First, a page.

AR-RAYYAN: Supporters of Mexico's Tigres UANL football club, clad in masks due to the COVID-19 coronavirus pandemic, gather to support their team at an event for fans outside Education City Stadium in the Qatari city of Ar-Rayyan yesterday, ahead of their match against Ulsan Hyundai FC the following week. - AFP

DOHA: Despite only having a handful of fans, Mexico's Tigres will be able to count on the support of the diaspora in Qatar as rivalries are set aside for the Club World Cup underdogs. No supporters will be able to travel to the Gulf for the football showcase because of Qatar's ultra-strict coronavirus rules, meaning Tigres will be relying on the Monterrey club's backers already in the country.

"We are forgetting about national teams; we are all here today to celebrate the Tigres and we are very happy," said Enrique Flores, 58, a pilot from Monterrey who joined two dozen Mexican soccer fans at Doha's Education City Stadium for a Tigres fan event yesterday. Around him, noisy compatriots sporting Tigres' signature canary jersey chanted a Mexican anthem, "Canta y no llores" (Sing and don't cry), while some played drums and tambourines and others modelled decorative sombreros.

"In Qatar there are around 600 Mexicans, but each has their own team," said Mexico's ambassador to Qatar Graciela Gomez as the group flicked double "L" with their fingers for "Libres y loqos" (Free and crazy). "What unites us is that we all believe in Mexico, we all love our country and we are showing our solidarity for the success of any Mexican."

Footballing great Bora Milutinovic, one-time coach of the Mexican national side, even put in an appearance, firing up the gathering. "When they told me that the Tigres were coming, I was very happy because I have many memories of Monterrey," he said before adoring fans snapped selfies.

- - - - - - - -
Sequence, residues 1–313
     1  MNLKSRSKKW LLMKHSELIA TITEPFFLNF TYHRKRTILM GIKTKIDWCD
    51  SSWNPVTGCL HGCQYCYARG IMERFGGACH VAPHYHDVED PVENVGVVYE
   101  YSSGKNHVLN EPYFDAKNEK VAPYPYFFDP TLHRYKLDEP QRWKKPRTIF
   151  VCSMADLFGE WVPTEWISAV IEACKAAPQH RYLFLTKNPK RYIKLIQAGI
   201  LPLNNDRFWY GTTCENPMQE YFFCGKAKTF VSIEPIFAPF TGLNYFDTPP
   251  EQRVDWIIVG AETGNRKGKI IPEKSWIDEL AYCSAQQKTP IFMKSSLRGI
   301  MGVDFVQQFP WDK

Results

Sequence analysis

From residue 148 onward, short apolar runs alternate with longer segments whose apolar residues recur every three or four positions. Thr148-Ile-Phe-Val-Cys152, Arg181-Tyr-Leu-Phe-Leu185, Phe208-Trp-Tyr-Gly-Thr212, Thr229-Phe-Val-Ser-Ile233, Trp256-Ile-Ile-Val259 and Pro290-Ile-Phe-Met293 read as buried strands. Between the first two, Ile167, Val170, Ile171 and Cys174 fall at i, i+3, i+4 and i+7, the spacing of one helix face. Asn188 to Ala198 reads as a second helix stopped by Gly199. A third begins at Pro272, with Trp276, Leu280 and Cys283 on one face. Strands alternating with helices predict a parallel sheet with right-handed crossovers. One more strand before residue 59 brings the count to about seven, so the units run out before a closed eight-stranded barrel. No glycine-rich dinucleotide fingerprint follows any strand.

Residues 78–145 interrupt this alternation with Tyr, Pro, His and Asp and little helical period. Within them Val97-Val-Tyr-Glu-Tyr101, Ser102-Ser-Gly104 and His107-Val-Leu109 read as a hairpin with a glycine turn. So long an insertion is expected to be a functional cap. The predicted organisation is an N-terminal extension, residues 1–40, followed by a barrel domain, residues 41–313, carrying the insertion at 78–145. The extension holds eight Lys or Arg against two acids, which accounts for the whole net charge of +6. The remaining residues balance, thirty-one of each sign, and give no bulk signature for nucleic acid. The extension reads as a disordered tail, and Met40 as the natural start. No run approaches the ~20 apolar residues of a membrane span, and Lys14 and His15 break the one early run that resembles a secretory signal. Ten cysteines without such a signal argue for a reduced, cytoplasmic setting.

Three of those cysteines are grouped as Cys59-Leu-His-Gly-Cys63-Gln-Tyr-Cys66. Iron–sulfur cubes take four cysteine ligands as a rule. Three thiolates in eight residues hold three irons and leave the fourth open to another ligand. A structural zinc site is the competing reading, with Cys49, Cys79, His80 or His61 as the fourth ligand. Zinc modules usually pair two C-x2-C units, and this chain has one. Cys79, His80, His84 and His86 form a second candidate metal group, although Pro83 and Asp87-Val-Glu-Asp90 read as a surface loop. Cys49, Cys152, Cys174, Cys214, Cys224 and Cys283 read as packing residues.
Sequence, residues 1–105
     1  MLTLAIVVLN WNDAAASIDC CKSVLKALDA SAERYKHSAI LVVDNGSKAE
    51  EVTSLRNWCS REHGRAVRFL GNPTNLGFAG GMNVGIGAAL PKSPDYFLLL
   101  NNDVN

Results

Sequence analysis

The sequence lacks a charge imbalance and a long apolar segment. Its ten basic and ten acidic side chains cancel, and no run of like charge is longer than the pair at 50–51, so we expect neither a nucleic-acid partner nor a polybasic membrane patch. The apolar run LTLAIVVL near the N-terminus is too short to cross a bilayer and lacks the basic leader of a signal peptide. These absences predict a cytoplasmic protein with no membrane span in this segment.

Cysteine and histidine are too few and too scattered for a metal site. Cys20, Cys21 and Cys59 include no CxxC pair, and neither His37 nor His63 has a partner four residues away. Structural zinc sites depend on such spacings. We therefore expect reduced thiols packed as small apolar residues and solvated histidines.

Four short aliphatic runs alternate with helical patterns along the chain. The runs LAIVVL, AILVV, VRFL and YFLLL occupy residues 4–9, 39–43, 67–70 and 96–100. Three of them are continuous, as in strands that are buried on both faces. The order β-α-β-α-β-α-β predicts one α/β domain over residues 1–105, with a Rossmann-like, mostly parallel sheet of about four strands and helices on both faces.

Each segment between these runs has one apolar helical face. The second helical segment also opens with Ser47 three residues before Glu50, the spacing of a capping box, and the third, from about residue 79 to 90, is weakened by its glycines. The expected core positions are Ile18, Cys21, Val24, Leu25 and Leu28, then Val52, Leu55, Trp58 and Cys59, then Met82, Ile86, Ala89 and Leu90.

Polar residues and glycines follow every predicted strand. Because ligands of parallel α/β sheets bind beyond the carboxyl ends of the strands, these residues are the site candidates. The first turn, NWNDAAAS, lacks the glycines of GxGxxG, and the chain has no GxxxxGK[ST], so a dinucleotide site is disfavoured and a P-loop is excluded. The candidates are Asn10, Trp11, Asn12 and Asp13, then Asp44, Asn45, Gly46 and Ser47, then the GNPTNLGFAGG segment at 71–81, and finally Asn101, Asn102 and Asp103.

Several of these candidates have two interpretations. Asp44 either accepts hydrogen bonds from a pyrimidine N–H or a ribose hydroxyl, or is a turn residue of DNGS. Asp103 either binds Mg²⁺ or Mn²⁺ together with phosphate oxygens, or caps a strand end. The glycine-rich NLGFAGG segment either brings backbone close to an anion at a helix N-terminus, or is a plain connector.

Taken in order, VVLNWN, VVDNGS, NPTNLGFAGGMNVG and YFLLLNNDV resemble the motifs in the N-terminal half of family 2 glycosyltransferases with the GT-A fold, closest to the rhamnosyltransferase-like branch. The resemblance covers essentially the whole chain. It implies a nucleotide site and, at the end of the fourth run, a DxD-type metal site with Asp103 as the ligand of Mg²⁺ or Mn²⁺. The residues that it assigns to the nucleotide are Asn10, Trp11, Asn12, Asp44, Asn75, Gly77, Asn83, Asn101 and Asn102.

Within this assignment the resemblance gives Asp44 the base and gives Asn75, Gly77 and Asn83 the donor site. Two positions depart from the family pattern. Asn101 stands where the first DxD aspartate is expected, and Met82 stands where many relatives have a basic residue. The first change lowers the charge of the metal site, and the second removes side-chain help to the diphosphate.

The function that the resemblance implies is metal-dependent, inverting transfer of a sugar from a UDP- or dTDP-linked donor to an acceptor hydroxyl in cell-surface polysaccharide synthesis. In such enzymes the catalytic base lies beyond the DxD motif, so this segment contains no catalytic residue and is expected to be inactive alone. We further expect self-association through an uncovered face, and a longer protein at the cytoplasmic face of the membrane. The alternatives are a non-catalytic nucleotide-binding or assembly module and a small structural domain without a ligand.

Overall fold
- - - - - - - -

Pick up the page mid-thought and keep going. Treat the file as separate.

Spectator numbers will be capped at 30 percent of capacity at each of the two 40,000-seat grounds for the tournament, which also features favorites Bayern Munich and Egypt's Al-Ahly. Tigres will kick off the competition at Qatar's newly opened Ahmad Bin Ali Stadium on Thursday when they take on Ulsan Hyundai. "We all know fans can't travel and, for the Tigres and for the club, it's the first time they've qualified for an international tournament so we are very happy with this turnout," said Gustavo Velasco, 27, a chef.

Virus fears

The Mexican embassy in Doha tweeted: "More and more Mexican residents in #Doha, #Qatar are joining the 'tiger wave' and engaging in various activities to support the @TigresOficial in the Club World Cup". The embassy has paired Tigres fans in Mexico unable to travel with their countrymen in Qatar who will cheer on the 2020 CONCACAF Champions. Social distancing, mask wearing and use of Qatar's contract tracing app and sanitizer will be mandatory, authorities have said.

International fans will be unable to attend because of Qatar's virus mitigation measures, and there will be no public events including fan zones. The tournament will be a crunch test of FIFA virus containment rules. Qatari health authorities say that, based on a recent domestic cup game, attendees have only one-tenth of the risk of contracting COVID-19 compared with the general population. Auckland City pulled out of the tournament, citing New Zealand's strict quarantine and virus prevention measures.

FIFA has said it will work with the Qatari authorities to "implement a comprehensive medical and security protocol providing the safeguards required to protect the health and safety of everyone involved in the competition". Qatar's coronavirus cases are steadily ticking up, with 76.4 new cases per 100,000 people in the past week, up 28 percent on the week before. The official death rate is very low and cases remain fewer than many other countries in the region.

Mexico, with 126 million people, closed all but essential businesses last March because of the pandemic, dealing a devastating blow to its economy. It began to reopen some sectors in July, but reimposed restrictions as COVID-19 cases soared later in the year. Mexico has one of the world's highest death tolls from the pandemic at more than 155,000, along with more than 1.8 million known cases of infection. - AFP